Such has been the patient sufferance of these colonies; and such is now the necessity which constrains them to alter their former systems of government. The history of the present King of Great Britain is a history of repeated injuries and usurpations, all having in direct object the establishment of an absolute tyranny over these states. To prove this, let facts be submitted to a candid world.
He has refused his assent to laws, the most wholesome and necessary for the public good.
He has forbidden his governors to pass laws of immediate and pressing importance, unless suspended in their operation till his assent should be obtained; and when so suspended, he has utterly neglected to attend to them.
He has refused to pass other laws for the accommodation of large districts of people, unless those people would relinquish the right of representation in the legislature, a right inestimable to them and formidable to tyrants only.
He has called together legislative bodies at places unusual, uncomfortable, and distant from the depository of their public records, for the sole purpose of fatiguing them into compliance with his measures.
He has dissolved representative houses repeatedly, for opposing with manly firmness his invasions on the rights of the people.
He has refused for a long time, after such dissolutions, to cause others to be elected; whereby the legislative powers, incapable of annihilation, have returned to the people at large for their exercise; the state remaining in the meantime exposed to all the dangers of invasion from without, and convulsions within.
He has endeavored to prevent the population of these states; for that purpose obstructing the laws for naturalization of foreigners; refusing to pass others to encourage their migration hither, and raising the conditions of new appropriations of lands.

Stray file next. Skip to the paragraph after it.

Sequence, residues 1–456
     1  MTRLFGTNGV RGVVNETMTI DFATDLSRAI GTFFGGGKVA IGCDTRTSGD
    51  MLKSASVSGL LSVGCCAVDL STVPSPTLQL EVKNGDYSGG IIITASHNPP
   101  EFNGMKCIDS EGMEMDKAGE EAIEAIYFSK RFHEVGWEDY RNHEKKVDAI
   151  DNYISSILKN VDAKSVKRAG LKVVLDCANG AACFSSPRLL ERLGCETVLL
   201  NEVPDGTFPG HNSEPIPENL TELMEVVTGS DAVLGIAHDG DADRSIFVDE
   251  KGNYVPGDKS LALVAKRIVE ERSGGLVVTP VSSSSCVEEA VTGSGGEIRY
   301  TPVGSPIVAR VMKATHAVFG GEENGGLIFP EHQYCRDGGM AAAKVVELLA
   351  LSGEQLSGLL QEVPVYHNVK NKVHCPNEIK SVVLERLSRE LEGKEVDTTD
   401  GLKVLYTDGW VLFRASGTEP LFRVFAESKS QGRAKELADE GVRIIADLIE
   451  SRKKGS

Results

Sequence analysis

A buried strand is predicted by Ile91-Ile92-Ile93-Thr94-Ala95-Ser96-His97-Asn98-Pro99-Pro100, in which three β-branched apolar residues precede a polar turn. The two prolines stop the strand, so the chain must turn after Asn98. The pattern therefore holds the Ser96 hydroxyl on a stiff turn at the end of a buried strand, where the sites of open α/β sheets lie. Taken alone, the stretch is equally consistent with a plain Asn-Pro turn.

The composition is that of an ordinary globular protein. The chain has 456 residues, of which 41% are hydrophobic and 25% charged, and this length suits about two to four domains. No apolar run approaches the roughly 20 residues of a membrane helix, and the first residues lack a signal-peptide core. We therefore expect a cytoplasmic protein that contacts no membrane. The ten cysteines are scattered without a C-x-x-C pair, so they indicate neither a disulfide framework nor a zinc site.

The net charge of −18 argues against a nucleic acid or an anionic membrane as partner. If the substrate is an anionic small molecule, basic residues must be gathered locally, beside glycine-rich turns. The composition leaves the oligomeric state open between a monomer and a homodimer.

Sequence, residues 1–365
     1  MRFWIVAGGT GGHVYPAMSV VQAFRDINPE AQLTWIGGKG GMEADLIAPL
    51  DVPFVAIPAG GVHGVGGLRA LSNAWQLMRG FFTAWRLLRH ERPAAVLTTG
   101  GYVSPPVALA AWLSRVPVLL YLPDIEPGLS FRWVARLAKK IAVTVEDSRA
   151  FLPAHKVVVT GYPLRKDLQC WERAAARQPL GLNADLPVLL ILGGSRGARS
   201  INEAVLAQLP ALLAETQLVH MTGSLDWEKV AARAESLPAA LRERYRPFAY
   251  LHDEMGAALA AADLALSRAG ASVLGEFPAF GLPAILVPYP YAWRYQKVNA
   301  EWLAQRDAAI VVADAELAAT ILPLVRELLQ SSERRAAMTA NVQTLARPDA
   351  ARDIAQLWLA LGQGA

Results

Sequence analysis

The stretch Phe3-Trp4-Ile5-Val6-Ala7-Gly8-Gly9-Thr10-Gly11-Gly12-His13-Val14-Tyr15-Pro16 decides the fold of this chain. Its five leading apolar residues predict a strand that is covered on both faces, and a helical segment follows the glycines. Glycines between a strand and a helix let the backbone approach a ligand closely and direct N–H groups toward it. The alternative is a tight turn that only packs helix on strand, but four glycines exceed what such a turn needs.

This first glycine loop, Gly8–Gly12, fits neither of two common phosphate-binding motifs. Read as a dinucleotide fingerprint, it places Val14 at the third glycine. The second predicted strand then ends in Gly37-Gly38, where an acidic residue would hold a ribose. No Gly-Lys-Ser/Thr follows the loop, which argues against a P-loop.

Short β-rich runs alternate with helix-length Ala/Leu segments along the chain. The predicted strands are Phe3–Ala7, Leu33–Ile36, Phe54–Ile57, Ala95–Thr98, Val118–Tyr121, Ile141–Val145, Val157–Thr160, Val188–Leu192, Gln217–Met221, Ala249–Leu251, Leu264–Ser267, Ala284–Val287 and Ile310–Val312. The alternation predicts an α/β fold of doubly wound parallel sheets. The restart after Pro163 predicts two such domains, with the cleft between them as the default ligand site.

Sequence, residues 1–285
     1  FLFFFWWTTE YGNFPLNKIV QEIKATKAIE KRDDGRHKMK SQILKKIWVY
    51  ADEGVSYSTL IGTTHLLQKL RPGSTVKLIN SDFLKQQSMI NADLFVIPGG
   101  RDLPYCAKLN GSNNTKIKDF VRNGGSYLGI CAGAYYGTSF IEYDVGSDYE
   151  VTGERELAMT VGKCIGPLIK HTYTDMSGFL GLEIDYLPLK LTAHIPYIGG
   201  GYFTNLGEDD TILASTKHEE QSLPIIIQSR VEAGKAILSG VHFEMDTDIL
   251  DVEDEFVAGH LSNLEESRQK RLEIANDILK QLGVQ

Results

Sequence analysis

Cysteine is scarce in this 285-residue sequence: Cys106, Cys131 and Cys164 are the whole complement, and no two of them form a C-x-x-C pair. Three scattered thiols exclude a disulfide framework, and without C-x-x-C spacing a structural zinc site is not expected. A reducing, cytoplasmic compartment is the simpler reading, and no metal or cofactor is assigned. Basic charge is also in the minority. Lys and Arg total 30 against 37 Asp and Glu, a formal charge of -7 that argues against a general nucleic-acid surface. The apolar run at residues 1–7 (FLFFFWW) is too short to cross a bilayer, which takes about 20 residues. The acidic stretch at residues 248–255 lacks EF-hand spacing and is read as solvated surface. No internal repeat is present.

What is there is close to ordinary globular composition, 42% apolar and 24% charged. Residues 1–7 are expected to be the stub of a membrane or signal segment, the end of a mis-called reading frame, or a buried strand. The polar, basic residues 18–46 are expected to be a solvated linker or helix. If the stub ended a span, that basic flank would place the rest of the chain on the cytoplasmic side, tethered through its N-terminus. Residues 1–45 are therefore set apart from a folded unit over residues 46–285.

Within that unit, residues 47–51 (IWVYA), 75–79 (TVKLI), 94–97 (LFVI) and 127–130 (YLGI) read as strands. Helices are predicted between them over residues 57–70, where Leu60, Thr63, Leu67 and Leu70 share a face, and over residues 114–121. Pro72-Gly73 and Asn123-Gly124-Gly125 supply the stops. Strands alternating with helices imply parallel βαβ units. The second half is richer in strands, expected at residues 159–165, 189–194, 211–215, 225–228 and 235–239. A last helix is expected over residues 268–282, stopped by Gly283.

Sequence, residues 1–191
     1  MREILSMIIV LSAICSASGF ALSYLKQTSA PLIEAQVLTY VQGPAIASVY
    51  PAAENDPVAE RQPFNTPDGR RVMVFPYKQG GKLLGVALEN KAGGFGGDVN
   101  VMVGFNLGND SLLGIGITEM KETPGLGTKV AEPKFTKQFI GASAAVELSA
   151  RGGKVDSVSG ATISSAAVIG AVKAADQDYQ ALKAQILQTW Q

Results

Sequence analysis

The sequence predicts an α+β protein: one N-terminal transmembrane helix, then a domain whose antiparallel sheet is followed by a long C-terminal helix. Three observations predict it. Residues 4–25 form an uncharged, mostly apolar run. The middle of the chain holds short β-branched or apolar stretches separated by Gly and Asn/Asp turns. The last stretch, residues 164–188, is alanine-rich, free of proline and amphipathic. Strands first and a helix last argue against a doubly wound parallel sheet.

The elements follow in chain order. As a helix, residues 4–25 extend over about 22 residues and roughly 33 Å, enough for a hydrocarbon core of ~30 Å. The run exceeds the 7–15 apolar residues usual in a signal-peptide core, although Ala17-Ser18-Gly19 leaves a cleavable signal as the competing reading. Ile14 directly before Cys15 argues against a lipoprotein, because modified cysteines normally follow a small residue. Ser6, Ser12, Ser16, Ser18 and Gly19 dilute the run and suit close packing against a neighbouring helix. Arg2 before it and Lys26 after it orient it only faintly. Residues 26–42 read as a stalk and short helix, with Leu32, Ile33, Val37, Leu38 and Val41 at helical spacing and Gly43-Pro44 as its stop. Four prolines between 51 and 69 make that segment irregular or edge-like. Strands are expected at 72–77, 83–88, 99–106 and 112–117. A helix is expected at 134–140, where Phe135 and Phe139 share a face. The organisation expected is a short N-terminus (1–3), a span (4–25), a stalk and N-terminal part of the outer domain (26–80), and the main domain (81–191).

He has obstructed the administration of justice, by refusing his assent to laws for establishing judiciary powers.
He has made judges dependent on his will alone, for the tenure of their offices, and the amount and payment of their salaries.
He has erected a multitude of new offices, and sent hither swarms of officers to harass our people, and eat out their substance.
He has kept among us, in times of peace, standing armies without the consent of our legislature.
He has affected to render the military independent of and superior to civil power.
He has combined with others to subject us to a jurisdiction foreign to our constitution, and unacknowledged by our laws; giving his assent to their acts of pretended legislation:
For quartering large bodies of armed troops among us:
For protecting them, by mock trial, from punishment for any murders which they should commit on the inhabitants of these states: